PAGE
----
Halogen Software is making a lot of right moves at the right time.
Halogen, which produces talent management software intended to help companies manage, educate, and recruit employees, went public on May 17, 2013, selling 4.8 million shares. It is currently the only Canadian technology IPO so far this year and one of only 13 technology IPOs globally.
Halogen is also in one of the most promising markets. Software is one of two technology categories doing well this third quarter, writes Raman Chitkara in PwC’s Global Technology IPO Review. The Internet software and services sector and the software sector have together recorded the most deals, according to the PwC report, which has a global outlook.
“Continued demand for innovative software tools to expand and improve products and services for companies both within and outside the technology industry are fuelling this performance,” reports Chitkara.
Halogen is the leading talent management vendor in the mid-market, according to a summary of National Bank’s Kris Thompson’s coverage on Halogen Software, from the Wellington Financial site.
The talent management software market has generally been an untouched opportunity globally so far, says Halogen’s chief financial officer, Pete Low. The Kanata-based company does not want to see this market taken by its competition and going public was viewed as an effective way to capture the customer base first, explains Low.
Expanding its reach
Halogen generated record revenue in its third quarter ended September 30, reporting a 27 per cent increase to US$12.3 million from $9.7 million last year. The growth in revenue helped reduce Halogen’s loss for the quarter to $718,000 from $1.9 million in the same quarter last year. Halogen attributed the improvement in net loss to having gone public in May, according to its MD&A report.
Revenue growth in Halogen’s international markets has increased by 66 per cent since the third quarter last year, states the company’s most recent MD&A document. This growth was largely credited to the opening of its Sydney, Australia sales office in 2012. Halogen also has an office in London, England that opened in 2011.
“We believe the rest of the world outside of North America is a little bit behind in adopting talent management solutions, so we believe it is time to go after those markets,” says Low.
The software company chose to expand to Australia and the UK first due to the cultural similarities between these two areas and North America, says Low. Halogen considers other common factors before expanding to international markets as well, including whether the language of business is English, where the country is in terms of talent management adoption rates, and Halogen’s ability to provide good customer service, explains Low.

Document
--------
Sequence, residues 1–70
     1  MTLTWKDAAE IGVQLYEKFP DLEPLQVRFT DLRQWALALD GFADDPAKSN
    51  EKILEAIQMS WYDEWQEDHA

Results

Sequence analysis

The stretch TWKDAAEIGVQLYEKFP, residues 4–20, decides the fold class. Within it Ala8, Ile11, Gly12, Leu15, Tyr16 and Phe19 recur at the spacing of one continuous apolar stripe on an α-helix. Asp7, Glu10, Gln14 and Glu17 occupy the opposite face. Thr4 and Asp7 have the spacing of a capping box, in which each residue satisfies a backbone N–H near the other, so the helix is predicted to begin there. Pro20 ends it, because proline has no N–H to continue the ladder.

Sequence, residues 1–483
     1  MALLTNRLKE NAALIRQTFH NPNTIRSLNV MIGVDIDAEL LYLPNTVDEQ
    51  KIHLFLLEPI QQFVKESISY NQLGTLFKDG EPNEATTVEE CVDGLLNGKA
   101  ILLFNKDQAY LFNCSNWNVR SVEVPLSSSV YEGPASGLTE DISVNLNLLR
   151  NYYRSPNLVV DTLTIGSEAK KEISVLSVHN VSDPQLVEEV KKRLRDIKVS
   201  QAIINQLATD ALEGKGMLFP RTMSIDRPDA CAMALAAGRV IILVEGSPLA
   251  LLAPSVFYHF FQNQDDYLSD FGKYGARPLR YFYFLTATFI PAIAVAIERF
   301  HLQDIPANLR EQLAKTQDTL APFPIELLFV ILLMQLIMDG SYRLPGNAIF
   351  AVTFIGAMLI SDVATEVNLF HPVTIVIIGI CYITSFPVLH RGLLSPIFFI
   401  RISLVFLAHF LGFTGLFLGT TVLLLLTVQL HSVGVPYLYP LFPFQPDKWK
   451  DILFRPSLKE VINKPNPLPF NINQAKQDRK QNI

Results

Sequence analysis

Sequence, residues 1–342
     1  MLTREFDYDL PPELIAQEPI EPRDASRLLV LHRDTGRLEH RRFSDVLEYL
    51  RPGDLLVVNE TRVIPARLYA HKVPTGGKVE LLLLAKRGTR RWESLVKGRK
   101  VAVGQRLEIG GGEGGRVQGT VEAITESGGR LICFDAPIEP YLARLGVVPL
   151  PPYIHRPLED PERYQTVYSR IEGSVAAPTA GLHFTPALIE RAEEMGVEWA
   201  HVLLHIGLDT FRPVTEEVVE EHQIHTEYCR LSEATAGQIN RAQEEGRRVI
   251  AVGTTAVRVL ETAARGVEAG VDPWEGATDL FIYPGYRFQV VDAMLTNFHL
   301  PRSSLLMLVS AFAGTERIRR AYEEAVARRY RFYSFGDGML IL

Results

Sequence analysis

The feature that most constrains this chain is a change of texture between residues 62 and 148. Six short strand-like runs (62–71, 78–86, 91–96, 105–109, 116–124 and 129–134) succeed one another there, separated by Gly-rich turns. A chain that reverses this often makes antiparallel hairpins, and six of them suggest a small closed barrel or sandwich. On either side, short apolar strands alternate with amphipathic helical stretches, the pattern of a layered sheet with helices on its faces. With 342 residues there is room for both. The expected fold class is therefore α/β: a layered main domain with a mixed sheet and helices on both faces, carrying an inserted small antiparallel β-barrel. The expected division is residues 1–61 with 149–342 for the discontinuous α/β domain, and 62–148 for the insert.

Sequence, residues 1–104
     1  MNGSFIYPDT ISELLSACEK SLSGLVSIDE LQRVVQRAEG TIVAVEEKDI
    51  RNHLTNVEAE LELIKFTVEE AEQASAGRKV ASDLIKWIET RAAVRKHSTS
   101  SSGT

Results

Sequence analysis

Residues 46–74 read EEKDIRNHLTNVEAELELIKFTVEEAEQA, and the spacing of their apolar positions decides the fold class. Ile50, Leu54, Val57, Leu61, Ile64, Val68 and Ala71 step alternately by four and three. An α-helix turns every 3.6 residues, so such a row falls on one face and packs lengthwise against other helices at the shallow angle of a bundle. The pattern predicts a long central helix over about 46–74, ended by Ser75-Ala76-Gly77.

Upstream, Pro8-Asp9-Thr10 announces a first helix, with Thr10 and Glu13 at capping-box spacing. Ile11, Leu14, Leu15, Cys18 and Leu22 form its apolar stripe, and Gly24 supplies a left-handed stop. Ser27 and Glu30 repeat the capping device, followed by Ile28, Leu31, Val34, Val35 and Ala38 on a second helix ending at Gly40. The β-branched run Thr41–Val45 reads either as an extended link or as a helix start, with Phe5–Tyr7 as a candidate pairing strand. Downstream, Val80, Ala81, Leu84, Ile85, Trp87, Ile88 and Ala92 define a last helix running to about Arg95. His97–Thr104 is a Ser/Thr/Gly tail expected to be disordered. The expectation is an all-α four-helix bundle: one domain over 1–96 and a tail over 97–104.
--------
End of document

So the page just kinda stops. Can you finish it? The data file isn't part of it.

Halogen currently has more than 1,750 customers who purchase on average 2.2 modules out of the seven currently available, says Thompson in the news summary.
Halogen’s expenses increased to US$9.6 million in the third quarter from $7.8 million this time in 2012. Expenses were incurred due to the steady increase of investments to grow the business, according to the company’s MD&A document. These expenses were mainly from sales and marketing as well as research and development, states the MD&A.
Halogen will release two new modules to add to its talent management software line-up by the end of this year. The 1:1 Exchange module is the first of its kind and is intended to facilitate discussion between employers and workers. The company also introduced its Halogen Myers-Briggs® module which will use the popular personality tests to evaluate and develop talent and build strong working relationships. Low says the company will maintain its focus on creating software solutions to help manage people and in turn, company performance.
In addition to its plans to invest in new modules and product features and in expanding into new international markets, Halogen intends to gain new customers in its current locations of Canada, Australia and the UK, says Low. This will require growth in sales people, marketing people and client services people, adds Low.
Halogen’s overarching goal is to eventually become a Canadian powerhouse, says Low.
“It’s a long-term view and a long-term goal and hopefully as we move through the years and succeed on that goal…employment will rise at Halogen and be able to provide some valuable jobs to people in the local community,” says Low.